Jeremy Goldstein Is Trying To Use Knockout Options To Help Employers

In the past few years, many corporations have stopped offering stock options to their employees as incentives for joining up with the company. One of the biggest reason for this is naturally to save money because it is expensive to offer stock options given their capability to rise is value and the costly method to create the compensation itself. The other big reason for this is because employees are cautious of stock options as well. While stock options have the potential to go up and create more value for the employee, they can also decrease and create less value for an employee. If the incentives that employees had when they signed up with a company are rendered worthless, major problems occur within a company due to many angry employees.


Jeremy Goldstein is a compensation lawyer that has been working to create a solution for companies to solve this compensation issue, which he calls a knockout option. This option will serve to render stock options obsolete in case they fluctuate too widely, saving corporations lots of money and time. There are benefits for the employees as well since they will likely see different methods of compensation offered to them unlike in the past. Most employees out there would rather have more money every week that incentives in most cases anyway. Jeremy Goldstein knows that it is a compromise that has good sides and bad sides to it, but it will lead to the most benefit for everyone. Recent studies have also shown that the knockout options serve to increase company productivity and growth in the long run.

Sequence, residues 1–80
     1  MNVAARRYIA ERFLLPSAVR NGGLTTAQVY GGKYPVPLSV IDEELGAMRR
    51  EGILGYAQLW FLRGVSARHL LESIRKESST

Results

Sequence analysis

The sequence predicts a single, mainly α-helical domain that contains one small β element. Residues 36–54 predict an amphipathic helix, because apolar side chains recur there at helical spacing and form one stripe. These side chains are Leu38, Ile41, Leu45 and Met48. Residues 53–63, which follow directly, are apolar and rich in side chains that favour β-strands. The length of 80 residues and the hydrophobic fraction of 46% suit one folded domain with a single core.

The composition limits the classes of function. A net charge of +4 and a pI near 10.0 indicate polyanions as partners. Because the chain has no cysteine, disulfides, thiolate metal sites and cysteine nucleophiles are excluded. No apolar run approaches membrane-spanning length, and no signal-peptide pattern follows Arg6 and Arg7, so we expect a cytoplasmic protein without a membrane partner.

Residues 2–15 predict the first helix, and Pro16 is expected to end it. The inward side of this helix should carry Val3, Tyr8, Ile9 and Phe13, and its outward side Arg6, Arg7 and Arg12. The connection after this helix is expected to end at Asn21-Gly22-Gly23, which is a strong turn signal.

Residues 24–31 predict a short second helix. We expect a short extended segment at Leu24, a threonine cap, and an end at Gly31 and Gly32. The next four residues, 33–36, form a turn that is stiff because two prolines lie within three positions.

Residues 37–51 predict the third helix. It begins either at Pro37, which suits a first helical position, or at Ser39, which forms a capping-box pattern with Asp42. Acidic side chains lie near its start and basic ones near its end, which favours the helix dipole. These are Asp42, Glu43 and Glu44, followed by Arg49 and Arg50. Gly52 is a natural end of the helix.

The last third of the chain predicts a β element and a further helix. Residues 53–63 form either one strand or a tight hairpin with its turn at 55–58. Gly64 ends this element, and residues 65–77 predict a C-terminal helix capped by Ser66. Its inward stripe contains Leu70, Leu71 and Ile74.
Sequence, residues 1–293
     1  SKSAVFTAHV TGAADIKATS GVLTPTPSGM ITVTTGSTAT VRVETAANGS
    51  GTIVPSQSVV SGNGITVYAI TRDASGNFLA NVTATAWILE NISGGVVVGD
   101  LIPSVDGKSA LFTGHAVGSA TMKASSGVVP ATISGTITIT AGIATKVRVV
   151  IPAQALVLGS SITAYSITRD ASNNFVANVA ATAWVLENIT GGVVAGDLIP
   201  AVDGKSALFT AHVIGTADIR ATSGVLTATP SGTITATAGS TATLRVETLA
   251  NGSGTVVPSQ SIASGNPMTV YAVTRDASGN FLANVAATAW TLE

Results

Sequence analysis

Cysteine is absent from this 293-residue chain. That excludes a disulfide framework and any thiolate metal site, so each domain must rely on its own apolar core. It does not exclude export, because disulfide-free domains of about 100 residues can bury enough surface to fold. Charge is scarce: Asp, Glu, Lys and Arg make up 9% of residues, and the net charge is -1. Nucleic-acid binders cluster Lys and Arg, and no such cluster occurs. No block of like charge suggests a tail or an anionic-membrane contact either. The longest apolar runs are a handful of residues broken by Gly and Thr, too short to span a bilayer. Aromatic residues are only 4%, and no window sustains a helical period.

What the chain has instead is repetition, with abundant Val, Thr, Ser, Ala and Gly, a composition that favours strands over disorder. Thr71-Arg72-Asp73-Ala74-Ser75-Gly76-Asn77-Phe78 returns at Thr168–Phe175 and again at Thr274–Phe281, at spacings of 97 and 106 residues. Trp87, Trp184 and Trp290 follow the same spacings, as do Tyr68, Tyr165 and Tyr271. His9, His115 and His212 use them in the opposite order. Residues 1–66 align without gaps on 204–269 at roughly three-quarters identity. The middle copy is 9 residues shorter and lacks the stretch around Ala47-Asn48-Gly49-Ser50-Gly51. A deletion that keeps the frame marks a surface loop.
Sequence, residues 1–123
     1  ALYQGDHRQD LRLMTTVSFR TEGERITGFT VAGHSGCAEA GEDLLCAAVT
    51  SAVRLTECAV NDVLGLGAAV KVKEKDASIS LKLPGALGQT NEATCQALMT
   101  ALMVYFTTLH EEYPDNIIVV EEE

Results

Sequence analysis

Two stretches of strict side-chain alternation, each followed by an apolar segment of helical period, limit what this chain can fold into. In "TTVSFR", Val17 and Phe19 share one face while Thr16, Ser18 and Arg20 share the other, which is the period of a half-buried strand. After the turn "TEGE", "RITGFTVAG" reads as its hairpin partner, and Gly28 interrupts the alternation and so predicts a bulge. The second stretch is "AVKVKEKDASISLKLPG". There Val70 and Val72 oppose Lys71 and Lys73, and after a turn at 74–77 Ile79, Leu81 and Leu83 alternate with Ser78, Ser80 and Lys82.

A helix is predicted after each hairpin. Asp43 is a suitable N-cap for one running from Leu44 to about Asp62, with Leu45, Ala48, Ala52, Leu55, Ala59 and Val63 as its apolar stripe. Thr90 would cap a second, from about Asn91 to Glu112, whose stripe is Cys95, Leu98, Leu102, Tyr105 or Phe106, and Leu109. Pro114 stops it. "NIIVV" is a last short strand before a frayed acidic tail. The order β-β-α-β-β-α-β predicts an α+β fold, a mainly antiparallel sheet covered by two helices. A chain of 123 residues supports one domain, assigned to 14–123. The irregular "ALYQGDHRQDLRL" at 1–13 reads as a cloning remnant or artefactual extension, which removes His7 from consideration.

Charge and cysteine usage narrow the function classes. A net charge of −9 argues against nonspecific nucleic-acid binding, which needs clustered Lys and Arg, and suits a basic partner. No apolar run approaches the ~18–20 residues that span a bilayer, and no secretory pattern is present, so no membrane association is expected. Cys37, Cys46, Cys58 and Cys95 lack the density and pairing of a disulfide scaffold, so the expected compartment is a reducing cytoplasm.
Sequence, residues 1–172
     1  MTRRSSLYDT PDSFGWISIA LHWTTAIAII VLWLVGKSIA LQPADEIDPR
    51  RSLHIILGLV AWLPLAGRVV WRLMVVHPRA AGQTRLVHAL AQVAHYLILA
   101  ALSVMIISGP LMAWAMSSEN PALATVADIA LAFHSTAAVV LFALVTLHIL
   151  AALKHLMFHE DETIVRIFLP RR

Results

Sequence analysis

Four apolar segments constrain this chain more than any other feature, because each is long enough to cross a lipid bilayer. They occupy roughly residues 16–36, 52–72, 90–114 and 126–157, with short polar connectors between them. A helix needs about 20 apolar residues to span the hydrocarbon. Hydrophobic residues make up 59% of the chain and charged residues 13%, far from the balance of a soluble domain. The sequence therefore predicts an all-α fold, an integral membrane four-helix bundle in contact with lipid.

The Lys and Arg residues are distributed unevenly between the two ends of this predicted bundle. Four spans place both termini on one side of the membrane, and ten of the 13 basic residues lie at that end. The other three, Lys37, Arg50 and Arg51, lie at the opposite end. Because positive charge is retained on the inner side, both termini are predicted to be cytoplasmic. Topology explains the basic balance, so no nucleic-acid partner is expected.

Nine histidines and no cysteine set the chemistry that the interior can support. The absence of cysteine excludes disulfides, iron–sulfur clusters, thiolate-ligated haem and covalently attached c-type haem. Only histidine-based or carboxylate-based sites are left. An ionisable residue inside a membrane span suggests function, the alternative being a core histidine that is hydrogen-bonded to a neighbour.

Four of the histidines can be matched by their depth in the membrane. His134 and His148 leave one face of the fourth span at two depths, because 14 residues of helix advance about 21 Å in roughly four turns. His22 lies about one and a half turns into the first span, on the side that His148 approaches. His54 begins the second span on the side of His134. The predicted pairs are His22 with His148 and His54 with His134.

Jeremy Goldstein is among the most qualified when it comes to the field of compensation and he has his very own law firm in New York that specializes in compensation law. For more than a decade, Jeremy Goldstein & Assocaites LLC has helped corporate clients around the country with their legal problems in com[ensation, as well as any other form of legal issues that their clients need. Jeremy is also a member of the American Bar Association Business, residing as chairman of the Mergers and Acquisition Subcommittee. Learn more: